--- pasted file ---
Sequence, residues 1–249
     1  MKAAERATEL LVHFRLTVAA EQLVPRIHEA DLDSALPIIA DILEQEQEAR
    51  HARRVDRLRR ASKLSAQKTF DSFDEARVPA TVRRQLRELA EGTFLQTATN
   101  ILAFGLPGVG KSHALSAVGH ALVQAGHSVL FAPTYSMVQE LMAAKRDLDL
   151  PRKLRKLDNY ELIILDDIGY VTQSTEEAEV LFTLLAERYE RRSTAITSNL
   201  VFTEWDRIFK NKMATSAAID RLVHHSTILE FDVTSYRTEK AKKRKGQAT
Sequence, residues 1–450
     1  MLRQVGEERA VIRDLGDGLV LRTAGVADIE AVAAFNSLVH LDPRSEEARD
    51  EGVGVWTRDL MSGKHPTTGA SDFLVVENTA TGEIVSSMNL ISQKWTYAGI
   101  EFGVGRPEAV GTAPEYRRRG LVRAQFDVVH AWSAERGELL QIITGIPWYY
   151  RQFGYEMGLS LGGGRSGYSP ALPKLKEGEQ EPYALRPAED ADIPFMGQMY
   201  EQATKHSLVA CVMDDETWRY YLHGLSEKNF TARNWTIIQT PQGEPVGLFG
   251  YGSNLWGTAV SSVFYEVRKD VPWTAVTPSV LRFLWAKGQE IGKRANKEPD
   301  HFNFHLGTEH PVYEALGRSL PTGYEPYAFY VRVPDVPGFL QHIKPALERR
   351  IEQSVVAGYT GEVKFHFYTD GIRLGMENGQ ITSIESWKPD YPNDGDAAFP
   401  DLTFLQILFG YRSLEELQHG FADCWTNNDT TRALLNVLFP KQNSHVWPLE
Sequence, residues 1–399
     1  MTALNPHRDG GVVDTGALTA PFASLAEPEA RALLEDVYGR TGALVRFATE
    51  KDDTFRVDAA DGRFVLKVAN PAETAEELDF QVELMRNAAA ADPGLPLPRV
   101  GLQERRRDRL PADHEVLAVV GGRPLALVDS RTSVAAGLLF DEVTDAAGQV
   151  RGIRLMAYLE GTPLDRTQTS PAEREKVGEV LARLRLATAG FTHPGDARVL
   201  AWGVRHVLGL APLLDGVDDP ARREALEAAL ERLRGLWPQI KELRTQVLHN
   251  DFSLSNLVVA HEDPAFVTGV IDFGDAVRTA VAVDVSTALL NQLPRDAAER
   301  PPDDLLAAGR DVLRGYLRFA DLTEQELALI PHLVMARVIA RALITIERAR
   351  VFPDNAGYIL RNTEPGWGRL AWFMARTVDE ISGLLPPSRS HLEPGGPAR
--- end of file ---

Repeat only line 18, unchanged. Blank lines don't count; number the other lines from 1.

     1  MTALNPHRDG GVVDTGALTA PFASLAEPEA RALLEDVYGR TGALVRFATE